In the past three decades new cognitive sciences viewpoints have highlighted the influential role of the body in cognitive processes; a role long neglected by the dominance of mind-body dualism in cognitive and intellectual domains such as architectural thought, despite the seminal role of the body for discovery and cognition of the world. Such cognition is experienced through interactions between objective micro-worlds such as that of architecture, and the third-person and first-person (lived) bodies. Has this body and its cognitive role always been neglected in the history of architectural thought? To answer this question the present paper tries to investigate this role and its influence in the history of formation and evolution of architectural theories in the West. Using logical reasoning and a descriptive-analytical approach, parts of Western history of architecture are rethought, due to its close associations with the Western philosophy in the formation of this history.The results show that different ideas about the body can be identified in history, ranging from corporeality to embodiment. It is then anticipated that the embodiment, the cognitive role of the body and the above viewpoints will gradually influence architectural theories leading it towards notions of "close relationship between the first-person body and architecture".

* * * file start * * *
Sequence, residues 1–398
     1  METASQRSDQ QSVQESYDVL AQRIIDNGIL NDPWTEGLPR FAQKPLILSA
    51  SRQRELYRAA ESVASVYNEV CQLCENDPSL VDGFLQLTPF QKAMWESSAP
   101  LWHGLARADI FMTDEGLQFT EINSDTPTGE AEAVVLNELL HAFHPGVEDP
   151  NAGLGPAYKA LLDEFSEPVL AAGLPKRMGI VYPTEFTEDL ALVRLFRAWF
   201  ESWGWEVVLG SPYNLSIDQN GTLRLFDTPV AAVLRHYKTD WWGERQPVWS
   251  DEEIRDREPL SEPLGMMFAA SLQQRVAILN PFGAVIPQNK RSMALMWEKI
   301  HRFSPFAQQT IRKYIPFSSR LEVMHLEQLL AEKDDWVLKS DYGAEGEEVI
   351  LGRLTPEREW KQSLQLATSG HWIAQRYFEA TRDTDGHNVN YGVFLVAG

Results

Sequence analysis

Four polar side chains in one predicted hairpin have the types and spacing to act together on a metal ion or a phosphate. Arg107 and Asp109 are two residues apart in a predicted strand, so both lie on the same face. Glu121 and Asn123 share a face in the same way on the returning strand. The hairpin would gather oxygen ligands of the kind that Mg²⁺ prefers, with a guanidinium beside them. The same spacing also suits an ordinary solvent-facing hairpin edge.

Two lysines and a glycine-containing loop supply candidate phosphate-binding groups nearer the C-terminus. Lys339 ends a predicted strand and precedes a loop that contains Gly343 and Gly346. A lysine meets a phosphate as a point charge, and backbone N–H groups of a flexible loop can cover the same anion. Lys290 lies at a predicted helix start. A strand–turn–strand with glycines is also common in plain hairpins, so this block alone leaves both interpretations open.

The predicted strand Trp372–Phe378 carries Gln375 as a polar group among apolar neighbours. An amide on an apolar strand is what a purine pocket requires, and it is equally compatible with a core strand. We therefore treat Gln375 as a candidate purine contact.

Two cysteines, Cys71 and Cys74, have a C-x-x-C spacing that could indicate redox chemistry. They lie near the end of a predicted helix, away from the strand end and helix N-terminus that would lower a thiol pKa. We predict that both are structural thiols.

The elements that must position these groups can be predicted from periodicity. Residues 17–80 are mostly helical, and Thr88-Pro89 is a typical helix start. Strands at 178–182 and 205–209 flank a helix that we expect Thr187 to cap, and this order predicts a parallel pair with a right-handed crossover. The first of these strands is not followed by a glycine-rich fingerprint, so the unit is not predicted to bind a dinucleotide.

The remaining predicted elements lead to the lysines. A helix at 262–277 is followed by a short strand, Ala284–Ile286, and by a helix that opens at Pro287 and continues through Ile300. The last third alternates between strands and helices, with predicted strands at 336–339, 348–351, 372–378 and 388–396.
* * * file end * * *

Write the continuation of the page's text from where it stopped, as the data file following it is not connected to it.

- حق عضویت دریافتی صرف حمایت از نشریات عضو و نگهداری، تکمیل و توسعه مگیران میشود.
- پرداخت حق اشتراک و دانلود مقالات اجازه بازنشر آن در سایر رسانههای چاپی و دیجیتال را به کاربر نمیدهد.